I remember how silent the house had become. My dad and mom and aunt and grandmother all literally turned ashen.
President Kennedy had a map on the wall behind him with concentric circles showing how much of the United States would be in missile range from Cuba. My dad made it a point to pile us all in the car and take us to see the Nike Site over by Bratenahl along the Lakefront.
These Nike sites were located in almost every big American city. They were commissioned in right after the Russians got the bomb in the early 50’s. These sites were in place in order to shoot down incoming airplanes launched at us by the Godless Russians. They were named after Nike, the Greek goddess of victory.
This could or could not have had an effect on my future love of politics. All I really know is that I was aware of what was happening outside of the world of the regular five year old. Seeing my parents that upset really jolted me.
All this happened while I was at Grant School in Lakewood. School number one down, seven more to go.
Next up, St. Clements. I was raised Catholic.
The Catholics in Lakewood did not believe in kindergarten and would not enroll a four year old into first grade, which is why I started my education in a public school.
I was only there for two years, but several monumental things happened while matriculating at St. Clements Church’s Elementary School.
First of all President Kennedy was assassinated when I was in the First Grade. We got the news just as school was being let out and they called us back in to pray for “our” fallen Catholic President. Around this time, all my memories, whether connected to the assassination or not, seemed to be in black and white, dominated by endlessly somber martial drumming.
I also told my first joke at the dinner table. It was just a little something I picked up on the playground. This was about the time a spate of Polish jokes were sweeping the nation. For whatever reason, the poles were suddenly the butt of most of the ethnic humor.
My dad was Polish to the core.
So of course the joke I heard on the very Irish Playground at St. Clements just had to be a polish joke. Suddenly, all hell broke loose. My aunt Millie, my dad’s sister, and their mother must have been over for dinner because I remember how quickly the mood turned at the table sour.
There must have been much drinking, given all the wailing and gnashing of teeth that ensued. And of course, I was being raised in a household where drinking and celebration went hand in hand. And so the emotions ran dark and deep, far too dark for a five or six year old kid to handle.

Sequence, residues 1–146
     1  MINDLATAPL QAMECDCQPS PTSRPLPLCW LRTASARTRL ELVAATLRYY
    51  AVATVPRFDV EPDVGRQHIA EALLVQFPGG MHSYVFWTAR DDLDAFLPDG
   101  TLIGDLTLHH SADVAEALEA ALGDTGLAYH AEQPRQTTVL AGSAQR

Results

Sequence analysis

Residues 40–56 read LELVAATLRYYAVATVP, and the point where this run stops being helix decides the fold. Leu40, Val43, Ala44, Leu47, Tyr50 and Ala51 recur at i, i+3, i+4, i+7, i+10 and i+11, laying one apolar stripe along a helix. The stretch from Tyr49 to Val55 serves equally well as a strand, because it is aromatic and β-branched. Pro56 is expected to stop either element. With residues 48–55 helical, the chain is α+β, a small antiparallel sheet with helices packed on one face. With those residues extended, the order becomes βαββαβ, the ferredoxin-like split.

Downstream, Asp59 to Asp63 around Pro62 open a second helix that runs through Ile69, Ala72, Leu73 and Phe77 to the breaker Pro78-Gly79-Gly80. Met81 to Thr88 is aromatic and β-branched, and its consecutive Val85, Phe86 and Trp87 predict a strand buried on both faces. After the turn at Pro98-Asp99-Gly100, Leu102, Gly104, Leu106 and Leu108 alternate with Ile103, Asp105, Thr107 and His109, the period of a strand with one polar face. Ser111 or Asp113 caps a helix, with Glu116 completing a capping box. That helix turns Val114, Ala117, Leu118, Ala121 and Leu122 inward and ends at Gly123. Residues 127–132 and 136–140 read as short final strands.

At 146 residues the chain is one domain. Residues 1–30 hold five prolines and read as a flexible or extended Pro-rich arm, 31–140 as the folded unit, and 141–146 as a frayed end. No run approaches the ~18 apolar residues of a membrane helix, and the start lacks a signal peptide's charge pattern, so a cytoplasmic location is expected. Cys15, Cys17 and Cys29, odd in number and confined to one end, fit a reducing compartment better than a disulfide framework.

It was about this time that my parents’ marriage started to crumble. They argued often times violently with my dad hitting my mom several times that I recall. Once my older brother tried to stop my dad from hitting my mom and he got smacked. That didn’t stop my brother. He went right back at my dad. I was in awe of him.
At school, a girl died while jumping rope in the parking lot/playground behind the school. She just died. This other kid named Peter McCartney, we all were sure he was related to Paul, broke his leg in first grade and had to be rolled in on a wheel chair because he had pins in his leg.
Next year, he fell while we were walking home from Titch’s with a glass bottle of milk. He cut his wrist down to the bone and I saw more blood and gore and upset adults, more than a kid should ever see. He had to get a whole mess of stitches and had to wear cast to protect his arm. I always wondered if he made it out of elementary school.
I also remember that the Mother Superior ruled over the school with an iron cross. She actually wore one on the rosary she had strapped around her waist, the cross banging against her leg as she stridently marched through the building. I guess this was her little shout out to self -flagellation which, of course, was all the rage back in the plague years. She was a small, tightly wound woman. She wore the most severe Habit possible that pinched her face.
There were no smiling Jesus’ on display in that Parish.
Sister Madonna was a disciplinarian first, a wife of Jesus second and an educator third. That was her version of the trinity. She would paddle kids in her office with the public address system switched on so we all could hear what became of those who ran afoul of her good nature.
It started to become apparent even to me, a kid of six or seven, that my dad’s drinking didn’t seem normal.
There is this one time in particular that burned into my mind. When I was a kid, I loved to save money. I had coins and dollar bills stashed all over our bedroom.